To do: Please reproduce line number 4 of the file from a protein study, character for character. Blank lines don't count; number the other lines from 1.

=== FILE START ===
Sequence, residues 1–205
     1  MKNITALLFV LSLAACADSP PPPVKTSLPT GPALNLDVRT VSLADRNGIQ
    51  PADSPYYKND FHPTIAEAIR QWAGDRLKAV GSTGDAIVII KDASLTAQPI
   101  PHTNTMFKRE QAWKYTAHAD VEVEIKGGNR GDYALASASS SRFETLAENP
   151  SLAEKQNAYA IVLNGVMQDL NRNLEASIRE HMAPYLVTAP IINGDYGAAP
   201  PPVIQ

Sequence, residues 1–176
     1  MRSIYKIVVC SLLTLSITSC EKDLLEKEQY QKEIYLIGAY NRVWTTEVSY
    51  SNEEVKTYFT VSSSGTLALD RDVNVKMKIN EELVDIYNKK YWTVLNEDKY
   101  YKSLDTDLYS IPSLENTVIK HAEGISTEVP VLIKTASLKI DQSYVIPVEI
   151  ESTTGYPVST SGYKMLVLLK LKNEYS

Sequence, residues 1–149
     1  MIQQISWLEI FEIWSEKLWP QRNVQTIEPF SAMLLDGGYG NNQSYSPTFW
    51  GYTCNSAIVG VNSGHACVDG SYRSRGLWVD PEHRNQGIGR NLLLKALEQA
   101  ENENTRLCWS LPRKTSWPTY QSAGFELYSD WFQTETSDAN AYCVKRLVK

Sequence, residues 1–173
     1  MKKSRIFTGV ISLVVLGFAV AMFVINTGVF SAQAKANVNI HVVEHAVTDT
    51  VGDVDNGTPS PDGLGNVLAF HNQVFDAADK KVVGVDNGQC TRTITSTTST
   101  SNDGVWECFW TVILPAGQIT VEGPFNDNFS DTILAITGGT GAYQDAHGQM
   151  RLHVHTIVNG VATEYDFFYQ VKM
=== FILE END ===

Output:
   101  PHTNTMFKRE QAWKYTAHAD VEVEIKGGNR GDYALASASS SRFETLAENP